Good News/Bad News

The good news is that yesterday House Republicans rebelled against Dick the Dick.

The vice president traveled to Capitol Hill on Tuesday to silence a chorus of GOP complaints about Treasury Secretary Henry Paulson’s $700 billion plan. But House Republicans who walked into a closed-door meeting with Cheney steaming over the plan walked out just as angry, and they described what happened in between as both “a bloodbath” and “an unmitigated disaster.”

The bad news is that House Republicans are going to play the partisan politics game with the financial crisis.

Republican leaders are now hoping Democrats load the legislation with unrelated measures that would give them the political cover to oppose it, members and aides said. At the same time, party leaders are using back channels in the business community to gauge member support for a “clean” bill.

Former House Speaker Newt Gingrich (R-Ga.) warned his former colleagues that they would pay a price in November for backing the bailout now — and that John McCain could ride to victory over Barack Obama by persuading voters that the bailout is really the “Obama-Bush plan.”

Maybe I haven’t had enough coffee yet, but I find it baffling that some Senate Democrats are waiting to see how McCain votes on the measure before they decide how they will vote. See also Digby.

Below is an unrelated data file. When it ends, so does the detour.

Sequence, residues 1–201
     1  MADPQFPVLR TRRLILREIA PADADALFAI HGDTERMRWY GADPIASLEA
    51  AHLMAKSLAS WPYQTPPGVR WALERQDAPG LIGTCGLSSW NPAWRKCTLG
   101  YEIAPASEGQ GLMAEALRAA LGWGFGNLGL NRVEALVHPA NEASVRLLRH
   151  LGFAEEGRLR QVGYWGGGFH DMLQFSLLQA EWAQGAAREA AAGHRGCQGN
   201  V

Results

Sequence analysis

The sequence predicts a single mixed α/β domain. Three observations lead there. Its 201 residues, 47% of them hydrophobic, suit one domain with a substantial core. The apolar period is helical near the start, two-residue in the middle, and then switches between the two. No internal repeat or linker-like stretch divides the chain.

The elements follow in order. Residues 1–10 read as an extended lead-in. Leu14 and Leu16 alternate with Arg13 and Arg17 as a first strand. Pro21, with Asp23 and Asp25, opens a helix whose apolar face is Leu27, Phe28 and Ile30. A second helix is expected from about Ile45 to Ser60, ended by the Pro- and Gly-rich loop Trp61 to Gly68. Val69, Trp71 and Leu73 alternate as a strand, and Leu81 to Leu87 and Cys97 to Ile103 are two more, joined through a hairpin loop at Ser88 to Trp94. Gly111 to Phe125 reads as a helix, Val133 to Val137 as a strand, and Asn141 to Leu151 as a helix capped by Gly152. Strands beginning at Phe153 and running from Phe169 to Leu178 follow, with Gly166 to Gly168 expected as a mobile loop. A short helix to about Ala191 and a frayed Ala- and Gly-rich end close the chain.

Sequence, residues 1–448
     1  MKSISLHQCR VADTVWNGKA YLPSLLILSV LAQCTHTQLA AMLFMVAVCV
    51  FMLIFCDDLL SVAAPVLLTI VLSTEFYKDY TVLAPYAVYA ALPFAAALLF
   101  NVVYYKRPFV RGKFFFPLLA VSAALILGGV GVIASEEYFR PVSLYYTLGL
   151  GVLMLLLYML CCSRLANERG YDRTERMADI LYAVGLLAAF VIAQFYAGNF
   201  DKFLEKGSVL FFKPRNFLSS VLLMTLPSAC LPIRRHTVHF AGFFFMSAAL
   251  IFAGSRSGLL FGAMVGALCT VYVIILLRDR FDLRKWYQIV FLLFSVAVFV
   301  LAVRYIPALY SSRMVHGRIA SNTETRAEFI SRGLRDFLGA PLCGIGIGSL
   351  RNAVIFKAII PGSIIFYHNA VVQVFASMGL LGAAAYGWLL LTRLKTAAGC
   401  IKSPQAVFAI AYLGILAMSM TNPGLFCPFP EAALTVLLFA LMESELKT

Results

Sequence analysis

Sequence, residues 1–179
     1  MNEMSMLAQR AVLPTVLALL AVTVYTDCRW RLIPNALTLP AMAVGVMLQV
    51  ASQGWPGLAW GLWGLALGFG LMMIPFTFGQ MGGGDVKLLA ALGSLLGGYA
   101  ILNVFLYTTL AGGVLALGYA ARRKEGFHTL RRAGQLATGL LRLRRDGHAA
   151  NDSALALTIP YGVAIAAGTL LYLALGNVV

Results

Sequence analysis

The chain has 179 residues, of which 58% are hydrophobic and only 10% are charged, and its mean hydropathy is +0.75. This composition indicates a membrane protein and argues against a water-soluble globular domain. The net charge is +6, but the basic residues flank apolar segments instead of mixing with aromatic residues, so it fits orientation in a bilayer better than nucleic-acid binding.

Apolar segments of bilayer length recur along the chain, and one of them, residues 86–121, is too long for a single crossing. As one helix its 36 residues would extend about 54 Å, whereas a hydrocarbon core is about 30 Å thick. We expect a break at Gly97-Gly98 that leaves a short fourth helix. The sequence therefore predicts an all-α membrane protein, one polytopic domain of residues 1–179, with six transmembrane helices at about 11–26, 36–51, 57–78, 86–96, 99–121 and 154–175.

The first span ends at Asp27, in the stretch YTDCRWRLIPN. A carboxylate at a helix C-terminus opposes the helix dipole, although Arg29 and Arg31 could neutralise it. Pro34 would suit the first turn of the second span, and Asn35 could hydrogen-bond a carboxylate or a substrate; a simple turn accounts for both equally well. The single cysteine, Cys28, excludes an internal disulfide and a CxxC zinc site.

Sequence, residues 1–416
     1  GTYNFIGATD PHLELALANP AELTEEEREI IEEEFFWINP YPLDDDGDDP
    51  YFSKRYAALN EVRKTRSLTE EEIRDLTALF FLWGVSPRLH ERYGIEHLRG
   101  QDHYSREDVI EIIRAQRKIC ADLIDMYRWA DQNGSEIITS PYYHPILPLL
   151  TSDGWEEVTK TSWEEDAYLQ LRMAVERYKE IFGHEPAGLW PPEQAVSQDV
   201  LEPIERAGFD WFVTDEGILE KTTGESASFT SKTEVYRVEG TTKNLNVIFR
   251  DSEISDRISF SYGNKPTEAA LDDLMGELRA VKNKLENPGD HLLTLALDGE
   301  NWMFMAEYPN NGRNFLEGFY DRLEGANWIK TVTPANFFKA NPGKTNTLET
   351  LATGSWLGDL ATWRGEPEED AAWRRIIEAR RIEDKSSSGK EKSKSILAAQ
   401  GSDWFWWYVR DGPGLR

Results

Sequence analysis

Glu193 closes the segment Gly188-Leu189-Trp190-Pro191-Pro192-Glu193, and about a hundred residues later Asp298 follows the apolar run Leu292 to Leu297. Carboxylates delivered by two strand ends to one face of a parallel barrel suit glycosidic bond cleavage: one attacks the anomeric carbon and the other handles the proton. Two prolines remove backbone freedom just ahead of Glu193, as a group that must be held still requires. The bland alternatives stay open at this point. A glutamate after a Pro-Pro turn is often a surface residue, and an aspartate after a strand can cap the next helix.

Back to good news/bad news. The good news is that Obama has a clear lead over McCain in the latest Washington Post-NBC News poll. Much of this lead is coming from white women switching their preference from McCain to Obama. Obama now has a small lead among white women.

The bad news is that media are still going with the “white women don’t like Obama” story.

File this under “weird news.” Michelle Malkin blames illegal immigrants for the financial crisis. The girl belongs in a carnival freak show.

More weird news, although I’m not surprised. Pew Research says 57 percent of the public favors the Wall Street bailout. On the other hand, the latest Bloomberg/Los Angeles Times poll says 55 percent of the public is opposed to the Wall Street bailout.

The Pew poll told respondents that the government is “potentially investing billions to try and keep financial institutions and markets secure” and asked whether that’s the right thing to do. The Bloomberg/Los Angeles Times poll asked whether “the government should use taxpayers’ dollars to rescue ailing private financial firms whose collapse could have adverse effects on the economy and market, or is it not the government’s responsibility to bail out private companies with taxpayers’ dollars?”

I extrapolate from this that about two-thirds of the public doesn’t know what the hell is going on. Anyway, the good news/bad news I see here is that, politically, it doesn’t much matter what Congress does. All that matters is how it’s explained. This opens the door to the possibility that Congress could do the right thing without political penalty. It also opens the door to the possibility that Congress could do the wrong thing without political penalty.

Sort of bad news: The Right thinks the Fannie-Freddie issue can be blamed on Democrats.